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Thursday, December 3, 2015

Shackleton's Journey, written and illustrated by William Grill. Flying Eye Books, 2014. $27.00 ages 9 and up

"Progress was slow and laborious. Of the 700-odd miles of pack ice, the last 250 miles consisted of tough, solid ice up to 3 feet thick, with pieces up to one mile long. The ship would repeatedly ram the ice at half speed to weaken it and to carve a V into the ice edge. Then the ship would fire its engines and drive full speed into the ice like a giant wedge."

What a remarkable book, and a harrowing story of bravery, endurance and
hope! Factual, yet conversational, it tells the incredible tale of Ernest Shackleton, his crew and their unprecedented attempt to cross Antarctica from sea to sea. It is a survival story of the best kind, told with passion and including the most glorious illustrations, worthy of being chosen for one of The New York Times Book Review's Best Illustrated Children's Book Awards.

While it is nonfiction, it reads like an adventure. The fact that their journey failed to accomplish what they had set out to do is hardly important when their story is shared. Fraught with obstacles to their desired success, the team made the very best of every situation they encountered. First, they lost their ship, the Endurance. Bogged down in ice, and being squeezed from all sides by the brutality of the harsh environment, she finally sank leaving her resolute crew more than 500 miles from civilization. Despite the hardships, the crew carried on, first to safer ice at Patience Camp, and then to Elephant Island.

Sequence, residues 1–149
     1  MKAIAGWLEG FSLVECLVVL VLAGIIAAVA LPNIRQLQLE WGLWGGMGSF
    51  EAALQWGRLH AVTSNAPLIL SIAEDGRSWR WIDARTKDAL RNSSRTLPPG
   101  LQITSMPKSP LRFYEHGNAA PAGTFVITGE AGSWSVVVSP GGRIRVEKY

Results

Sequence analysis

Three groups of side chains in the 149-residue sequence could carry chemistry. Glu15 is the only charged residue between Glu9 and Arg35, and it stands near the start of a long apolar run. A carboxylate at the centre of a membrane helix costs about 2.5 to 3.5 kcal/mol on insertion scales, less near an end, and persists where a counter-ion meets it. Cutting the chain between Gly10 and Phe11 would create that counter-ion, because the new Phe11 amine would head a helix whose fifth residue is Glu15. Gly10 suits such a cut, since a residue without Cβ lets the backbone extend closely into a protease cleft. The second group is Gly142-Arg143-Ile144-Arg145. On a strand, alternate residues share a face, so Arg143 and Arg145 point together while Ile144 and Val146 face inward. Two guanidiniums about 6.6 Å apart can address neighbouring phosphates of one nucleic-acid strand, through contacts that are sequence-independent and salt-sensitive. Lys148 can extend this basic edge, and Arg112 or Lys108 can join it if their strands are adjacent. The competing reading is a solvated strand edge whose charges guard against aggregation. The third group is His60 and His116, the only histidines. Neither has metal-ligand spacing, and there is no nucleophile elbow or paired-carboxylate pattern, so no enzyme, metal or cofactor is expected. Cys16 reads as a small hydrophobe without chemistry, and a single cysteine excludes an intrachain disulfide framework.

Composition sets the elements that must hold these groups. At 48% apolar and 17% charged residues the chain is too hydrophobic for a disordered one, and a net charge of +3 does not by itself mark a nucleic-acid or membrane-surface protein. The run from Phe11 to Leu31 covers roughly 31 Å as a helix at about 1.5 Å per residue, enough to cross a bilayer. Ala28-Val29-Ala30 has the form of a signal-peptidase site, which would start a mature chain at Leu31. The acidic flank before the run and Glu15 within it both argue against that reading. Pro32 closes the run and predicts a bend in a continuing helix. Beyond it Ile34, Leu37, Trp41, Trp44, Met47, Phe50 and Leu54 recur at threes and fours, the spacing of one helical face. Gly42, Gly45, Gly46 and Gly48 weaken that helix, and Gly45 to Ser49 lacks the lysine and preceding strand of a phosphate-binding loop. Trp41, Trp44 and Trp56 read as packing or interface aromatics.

"After 16 long months, the crew had found solid ground. Dehydrated and hungry, each man ate and drank until he was full. But their troubles were not over yet, as the coastline was exposed to the elements, and a cruel blizzard set in for days ... "

When the crew finally ended their journey in Chile, they had not lost a single member of the crew of the Endurance ... a remarkable feat given the conditions and the setbacks they had faced. It is one terrific tale.

It is the colored pencil illustrations that make this book so memorable. They make us a part of every mile of the journey, and will stun readers with the many details and the vast expanses of land and sea. Beautifully illustrated and endlessly compelling, it is a tribute to explorers, their bravery and their hopes.

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